25 Years Ago It Wasn't in the Top 75. Now It's No. 1

The most popular purebred dog breed in the US is the French bulldog
By Newser Editors and Wire Services
Posted Mar 15, 2023 12:51 PM CDT
After 31 Years at the Top, Labradors Lose Their Crown
The American Kennel Club announced Wednesday that French bulldogs have become the United States' most prevalent dog breed, ending Labrador retrievers' record-breaking 31 years at the top.   (AP Photo/Tina Fineberg, File)

For the first time in three decades, the US has a new favorite dog breed, according to the American Kennel Club. Adorable in some eyes, deplorable in others, the sturdy, push-faced, perky-eared, world-weary-looking, and distinctively droll French bulldog became the nation's most prevalent purebred dog last year, the club announced Wednesday. Frenchies ousted Labrador retrievers from the top spot after a record 31 years, reports the AP.

It's been a dizzying rise—the dog wasn't even a top-75 breed a quarter century ago. The AKC's popularity rankings cover about 200 breeds in the nation's oldest canine registry. The stats are based on nearly 716,500 puppies and other dogs newly registered last year—about 1 in every 7 of them a Frenchie. Registration is voluntary. The most rarely owned? English foxhounds. The rankings don't count mixed breeds or, at least for now, Labradoodles, puggles, Morkies and other popular "designer" hybrids.

The AKC's top 10 were: French bulldogs, Labrador retrievers, golden retrievers, German shepherds, poodles, bulldogs, Rottweilers, beagles, dachshunds, and German shorthaired pointers. Last year, about 108,000 newly registered French bulldogs surpassed Labs by over 21,000. The breed's popularity is sharpening debate over whether there's anything healthy about propagating dogs prone to breathing, spinal, eye, and skin conditions.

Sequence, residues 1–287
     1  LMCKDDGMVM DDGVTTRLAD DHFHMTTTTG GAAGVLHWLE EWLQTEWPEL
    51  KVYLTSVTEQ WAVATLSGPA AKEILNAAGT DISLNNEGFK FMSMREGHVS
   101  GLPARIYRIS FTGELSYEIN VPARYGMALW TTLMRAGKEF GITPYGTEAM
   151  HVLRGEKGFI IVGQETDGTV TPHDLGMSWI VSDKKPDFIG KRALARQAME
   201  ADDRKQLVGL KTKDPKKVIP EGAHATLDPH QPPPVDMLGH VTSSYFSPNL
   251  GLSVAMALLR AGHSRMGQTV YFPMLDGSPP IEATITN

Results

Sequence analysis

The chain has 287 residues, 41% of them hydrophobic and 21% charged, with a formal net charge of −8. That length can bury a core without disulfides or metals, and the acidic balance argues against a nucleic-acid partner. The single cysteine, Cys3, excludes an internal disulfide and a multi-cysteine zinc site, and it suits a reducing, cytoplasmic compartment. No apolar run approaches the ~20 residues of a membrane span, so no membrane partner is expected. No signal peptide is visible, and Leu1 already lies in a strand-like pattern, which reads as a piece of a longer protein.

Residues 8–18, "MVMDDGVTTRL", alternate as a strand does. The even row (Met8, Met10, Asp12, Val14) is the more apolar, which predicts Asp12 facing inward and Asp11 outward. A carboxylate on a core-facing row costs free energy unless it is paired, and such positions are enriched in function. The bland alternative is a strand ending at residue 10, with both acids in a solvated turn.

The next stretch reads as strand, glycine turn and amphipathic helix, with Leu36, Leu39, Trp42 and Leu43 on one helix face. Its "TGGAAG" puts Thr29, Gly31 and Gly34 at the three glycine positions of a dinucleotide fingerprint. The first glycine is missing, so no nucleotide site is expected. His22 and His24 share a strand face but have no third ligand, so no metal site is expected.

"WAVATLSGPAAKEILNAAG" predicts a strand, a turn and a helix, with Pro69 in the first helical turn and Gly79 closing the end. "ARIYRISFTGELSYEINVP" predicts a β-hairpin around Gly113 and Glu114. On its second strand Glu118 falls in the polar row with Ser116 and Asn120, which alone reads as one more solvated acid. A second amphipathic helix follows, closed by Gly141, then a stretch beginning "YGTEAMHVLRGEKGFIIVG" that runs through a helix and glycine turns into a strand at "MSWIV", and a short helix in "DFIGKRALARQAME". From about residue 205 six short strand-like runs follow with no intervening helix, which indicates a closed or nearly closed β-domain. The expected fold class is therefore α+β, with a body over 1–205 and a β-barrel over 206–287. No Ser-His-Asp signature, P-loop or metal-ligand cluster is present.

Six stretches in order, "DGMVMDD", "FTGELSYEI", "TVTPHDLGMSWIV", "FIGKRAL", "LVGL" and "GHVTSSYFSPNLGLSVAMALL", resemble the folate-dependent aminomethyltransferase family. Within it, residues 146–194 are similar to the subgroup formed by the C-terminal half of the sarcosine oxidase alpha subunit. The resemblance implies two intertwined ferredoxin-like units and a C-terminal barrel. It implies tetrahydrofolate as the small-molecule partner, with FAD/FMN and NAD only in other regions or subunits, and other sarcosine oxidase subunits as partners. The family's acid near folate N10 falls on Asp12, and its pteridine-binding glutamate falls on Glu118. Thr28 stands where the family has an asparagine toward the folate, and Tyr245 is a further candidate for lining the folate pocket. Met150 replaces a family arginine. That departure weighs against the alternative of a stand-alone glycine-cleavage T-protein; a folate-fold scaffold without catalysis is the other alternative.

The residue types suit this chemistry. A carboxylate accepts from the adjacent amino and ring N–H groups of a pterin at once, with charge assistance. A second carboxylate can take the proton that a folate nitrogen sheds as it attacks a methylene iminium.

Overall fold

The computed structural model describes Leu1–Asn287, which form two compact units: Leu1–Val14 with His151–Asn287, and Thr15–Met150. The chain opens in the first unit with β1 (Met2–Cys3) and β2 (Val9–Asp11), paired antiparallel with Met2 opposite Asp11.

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The British Veterinary Association has urged people not to buy flat-faced breeds, such as Frenchies, and has campaigned to scrub them from ads and even greeting cards. The Netherlands has prohibited breeding very short-snouted dogs, and the country's agriculture minister aims to outlaw even owning them. Some other breeds are prone to ailments ranging from hip dysplasia to cancers, and mixed-breed dogs also can get sick. But recently published research involving about 24,600 dogs in Britain suggested that Frenchies have "very different, and largely much poorer" health than do other canines, largely due to the foreshortened, wrinkly face that encapsulates the breed's je ne sais quoi. (The AP has much more on the breed, as well as a defense of the dogs' health from some vets, here.)

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